WELLBEING Economy Secretary Neil Gray has insisted that the Scottish Government will not back down on pushing ahead with the short term lets licensing scheme.

The Airdrie and Shotts MSP told the Holyrood Weekly podcast that while Humza Yousaf may have taken the decision to pause on other policies such as alcohol advertising and HPMAs, the incoming short term lets scheme will be going ahead.

Gray admitted that the pushback from the sector had been “challenging” but that the Scottish Government was committed to the October 1 start date, due to come in after an initial six-month delay.

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He also told The National’s podcast that incoming rent controls, part of the Housing Bill set to be introduced this summer, are “incredibly important” but ministers will seek to strike a balance between tenants rights and keeping a strong housing supply.

We previously told how the Scottish Tories have pledged to force a vote on the scheme now that the Scottish Parliament has returned after summer recess, with Douglas Ross urging SNP rebels and other MSPs to join forces and stop the scheme from going ahead.

It will be a criminal offence to let either a room in a home or an entire property after the October 1 deadline without a license, and the Scottish Government have pointed out no applications have so far been refused.

The scheme covers bed and breakfasts, guest houses and self-catering sites, but will not apply to hotels.

The National: Short term let landlords held a protest outside of Holyrood this weekShort term let landlords held a protest outside of Holyrood this week (Image: Getty Images)

It requires hosts to display energy performance ratings on listings, have adequate buildings and public liability insurance, as well as various fire and gas safety precautions.

A survey of short term landlords claimed that two-thirds of businesses in the sector are considering closing, with pressure from lobbyists growing in recent weeks.

Speaking to the Holyrood Weekly podcast, Gray said: The push back there on licensing has been challenging. You know, the legislation has been in place for I think 20 months.

“I think there is a feeling that, because we have looked again at and paused some other elements of policy that we will pause on short term lets licensing.

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“We're not, we're committed to the first of October.”

The Cabinet Secretary explained that this was due to the previous extension to the scheme, but added he was willing to listen to “sensible propositions” to ensure it is implemented as fair as possible.

“I've been listening over the summer, I've been engaging, I know Paul McLennan [housing minister] has, I know Richard Lochhead [small business minister] has and others, obviously, will listen to that.

“But what we won't do is see the proposition, the policy intent behind licensing, which is about driving up standards and providing consistent standards for a flourishing tourism industry in Scotland.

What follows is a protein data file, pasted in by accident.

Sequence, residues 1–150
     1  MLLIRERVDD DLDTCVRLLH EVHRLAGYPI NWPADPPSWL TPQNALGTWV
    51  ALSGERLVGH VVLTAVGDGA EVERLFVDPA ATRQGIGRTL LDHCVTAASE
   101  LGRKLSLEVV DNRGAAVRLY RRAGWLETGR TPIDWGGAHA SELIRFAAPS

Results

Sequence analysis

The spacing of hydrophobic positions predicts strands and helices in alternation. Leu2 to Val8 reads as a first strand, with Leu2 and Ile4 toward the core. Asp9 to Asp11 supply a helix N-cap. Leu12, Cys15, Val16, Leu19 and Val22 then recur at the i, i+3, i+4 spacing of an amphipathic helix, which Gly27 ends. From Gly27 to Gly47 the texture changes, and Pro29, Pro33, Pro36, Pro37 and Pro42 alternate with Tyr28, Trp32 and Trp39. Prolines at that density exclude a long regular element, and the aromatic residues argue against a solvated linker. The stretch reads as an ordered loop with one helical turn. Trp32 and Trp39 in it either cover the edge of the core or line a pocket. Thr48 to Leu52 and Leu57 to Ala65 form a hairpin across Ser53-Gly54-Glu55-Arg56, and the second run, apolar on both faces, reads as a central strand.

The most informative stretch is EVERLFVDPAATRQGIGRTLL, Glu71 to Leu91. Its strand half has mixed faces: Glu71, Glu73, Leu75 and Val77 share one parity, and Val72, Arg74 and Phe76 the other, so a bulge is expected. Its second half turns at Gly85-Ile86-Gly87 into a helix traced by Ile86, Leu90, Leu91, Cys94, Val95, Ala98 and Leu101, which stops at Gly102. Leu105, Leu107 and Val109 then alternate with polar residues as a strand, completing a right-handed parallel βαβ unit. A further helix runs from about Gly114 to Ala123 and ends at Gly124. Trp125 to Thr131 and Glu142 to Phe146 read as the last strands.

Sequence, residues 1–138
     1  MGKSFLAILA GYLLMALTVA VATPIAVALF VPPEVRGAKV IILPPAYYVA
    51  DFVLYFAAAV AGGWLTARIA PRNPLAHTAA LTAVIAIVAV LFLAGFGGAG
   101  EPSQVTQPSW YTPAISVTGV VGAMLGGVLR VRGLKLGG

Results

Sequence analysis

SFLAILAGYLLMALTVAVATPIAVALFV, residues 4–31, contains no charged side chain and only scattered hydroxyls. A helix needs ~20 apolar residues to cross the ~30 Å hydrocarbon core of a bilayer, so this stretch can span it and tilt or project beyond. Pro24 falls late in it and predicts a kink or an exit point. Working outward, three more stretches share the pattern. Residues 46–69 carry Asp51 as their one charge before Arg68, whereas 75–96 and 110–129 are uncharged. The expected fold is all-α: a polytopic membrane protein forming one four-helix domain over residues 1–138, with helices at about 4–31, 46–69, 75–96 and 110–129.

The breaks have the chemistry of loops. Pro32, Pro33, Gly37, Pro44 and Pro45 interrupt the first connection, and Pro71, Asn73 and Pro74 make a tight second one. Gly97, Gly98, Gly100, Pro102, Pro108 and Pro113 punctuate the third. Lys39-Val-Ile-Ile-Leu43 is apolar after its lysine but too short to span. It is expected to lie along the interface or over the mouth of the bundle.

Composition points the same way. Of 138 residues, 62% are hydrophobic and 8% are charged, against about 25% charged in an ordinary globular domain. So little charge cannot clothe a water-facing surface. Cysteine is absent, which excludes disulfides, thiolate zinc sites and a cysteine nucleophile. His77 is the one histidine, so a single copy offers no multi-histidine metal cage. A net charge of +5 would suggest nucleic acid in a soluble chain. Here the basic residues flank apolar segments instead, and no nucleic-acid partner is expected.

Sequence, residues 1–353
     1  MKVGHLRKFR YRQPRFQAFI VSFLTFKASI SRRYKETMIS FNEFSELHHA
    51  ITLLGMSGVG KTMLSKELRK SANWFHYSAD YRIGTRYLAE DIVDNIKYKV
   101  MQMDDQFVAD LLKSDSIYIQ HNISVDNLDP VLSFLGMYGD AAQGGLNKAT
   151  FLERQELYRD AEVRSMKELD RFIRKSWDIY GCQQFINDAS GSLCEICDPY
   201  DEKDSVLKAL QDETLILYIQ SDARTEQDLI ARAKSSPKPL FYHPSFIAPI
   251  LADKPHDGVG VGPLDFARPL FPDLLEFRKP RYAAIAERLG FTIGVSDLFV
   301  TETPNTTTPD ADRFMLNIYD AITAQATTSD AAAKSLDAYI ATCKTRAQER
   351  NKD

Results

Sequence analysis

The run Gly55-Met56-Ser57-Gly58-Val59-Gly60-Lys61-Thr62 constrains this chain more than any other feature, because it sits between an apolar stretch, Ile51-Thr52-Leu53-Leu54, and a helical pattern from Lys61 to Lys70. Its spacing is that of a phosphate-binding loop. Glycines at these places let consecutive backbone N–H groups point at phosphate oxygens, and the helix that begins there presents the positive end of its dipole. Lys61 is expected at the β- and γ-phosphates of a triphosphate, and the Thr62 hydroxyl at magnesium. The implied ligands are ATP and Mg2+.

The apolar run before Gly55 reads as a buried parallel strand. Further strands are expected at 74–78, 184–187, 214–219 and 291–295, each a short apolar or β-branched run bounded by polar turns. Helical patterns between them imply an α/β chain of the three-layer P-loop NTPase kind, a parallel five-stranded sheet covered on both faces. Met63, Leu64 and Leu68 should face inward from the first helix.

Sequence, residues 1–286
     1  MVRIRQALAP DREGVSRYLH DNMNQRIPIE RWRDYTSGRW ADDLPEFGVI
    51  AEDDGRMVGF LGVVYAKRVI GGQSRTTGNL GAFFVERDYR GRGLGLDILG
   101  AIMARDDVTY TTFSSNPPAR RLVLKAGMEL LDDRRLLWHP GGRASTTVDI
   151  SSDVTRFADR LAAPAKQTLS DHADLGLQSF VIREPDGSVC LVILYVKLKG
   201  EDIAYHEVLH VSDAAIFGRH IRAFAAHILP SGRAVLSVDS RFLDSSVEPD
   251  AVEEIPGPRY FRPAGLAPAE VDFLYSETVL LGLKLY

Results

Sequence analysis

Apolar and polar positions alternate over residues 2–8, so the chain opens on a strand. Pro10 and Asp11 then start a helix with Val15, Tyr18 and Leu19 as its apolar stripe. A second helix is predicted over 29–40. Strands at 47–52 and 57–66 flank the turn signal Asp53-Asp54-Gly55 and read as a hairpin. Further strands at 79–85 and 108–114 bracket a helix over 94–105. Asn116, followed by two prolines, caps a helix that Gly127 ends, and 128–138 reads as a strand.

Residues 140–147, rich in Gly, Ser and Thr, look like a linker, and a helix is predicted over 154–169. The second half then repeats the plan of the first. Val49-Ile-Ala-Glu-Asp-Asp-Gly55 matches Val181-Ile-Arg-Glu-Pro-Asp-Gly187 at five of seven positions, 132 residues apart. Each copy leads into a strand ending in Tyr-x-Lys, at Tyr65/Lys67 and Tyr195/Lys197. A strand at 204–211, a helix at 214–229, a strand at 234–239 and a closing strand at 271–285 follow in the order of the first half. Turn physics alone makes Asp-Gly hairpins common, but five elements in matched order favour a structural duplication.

The National: Neil Gray and Humza Yousaf

“Also to ensure that local authorities have the ability to ensure that there can be a control in the expansion, where there are many communities, in places that I was visiting over the summer, including the likes of Orkney, and places in the Highlands and Islands, where there are 40, 50, 60% proliferation of short term lets, of second homes in those communities, impacting the viability of those communities where people aren't able to live in them.

“I think that's crucially important. So we can’t see the principles of that diminished in the legislation.”

Gray added that the Scottish Government will listen to any “sensible suggestions” put forward regarding the scheme.

On the incoming Housing Bill, the Cabinet Secretary said he believes rent controls are key to tackling issues around housing.

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“I think what's going to be important is making sure that we continue to protect tenants whilst also ensuring that we continue to have a good supply of housing,” he said.

“It's ensuring that we continue to have an investable proposition for housing in Scotland and that's of all tenures and making sure that we have a rent control scheme that is going to be sustainable over the long term.

“As I say, protects tenants from unfair rent rises but also ensures that we have an investable proposition that allows new housing to be built because that in itself, new housing supply is dampening on rent rises because you're not seeing the same competition.

“I’m looking forward to that coming through, I’m hoping that I’ll be able to engage with that alongside stakeholders that I’ve been discussing this with over the summer.”

Gray spoke to the Holyrood Weekly podcast to discuss Yousaf’s first Programme for Government since becoming FM and a whole range of issues.

The first episode of our second season will be available on the Omny streaming platform, Spotify and The National’s website on Friday September 8.